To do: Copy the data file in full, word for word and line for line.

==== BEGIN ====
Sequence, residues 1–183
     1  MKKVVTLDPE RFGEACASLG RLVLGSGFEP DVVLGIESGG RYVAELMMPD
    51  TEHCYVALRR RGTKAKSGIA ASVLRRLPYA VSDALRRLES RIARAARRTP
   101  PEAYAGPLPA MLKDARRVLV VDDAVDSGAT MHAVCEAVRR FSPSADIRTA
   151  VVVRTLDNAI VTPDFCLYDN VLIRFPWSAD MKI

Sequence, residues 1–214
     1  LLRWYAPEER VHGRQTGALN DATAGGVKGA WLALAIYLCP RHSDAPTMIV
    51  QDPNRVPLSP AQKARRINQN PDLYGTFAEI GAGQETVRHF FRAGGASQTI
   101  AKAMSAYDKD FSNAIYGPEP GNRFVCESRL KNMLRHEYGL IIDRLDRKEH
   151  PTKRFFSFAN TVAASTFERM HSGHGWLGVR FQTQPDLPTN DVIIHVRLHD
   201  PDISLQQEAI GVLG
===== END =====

Sequence, residues 1–183
     1  MKKVVTLDPE RFGEACASLG RLVLGSGFEP DVVLGIESGG RYVAELMMPD
    51  TEHCYVALRR RGTKAKSGIA ASVLRRLPYA VSDALRRLES RIARAARRTP
   101  PEAYAGPLPA MLKDARRVLV VDDAVDSGAT MHAVCEAVRR FSPSADIRTA
   151  VVVRTLDNAI VTPDFCLYDN VLIRFPWSAD MKI

Sequence, residues 1–214
     1  LLRWYAPEER VHGRQTGALN DATAGGVKGA WLALAIYLCP RHSDAPTMIV
    51  QDPNRVPLSP AQKARRINQN PDLYGTFAEI GAGQETVRHF FRAGGASQTI
   101  AKAMSAYDKD FSNAIYGPEP GNRFVCESRL KNMLRHEYGL IIDRLDRKEH
   151  PTKRFFSFAN TVAASTFERM HSGHGWLGVR FQTQPDLPTN DVIIHVRLHD
   201  PDISLQQEAI GVLG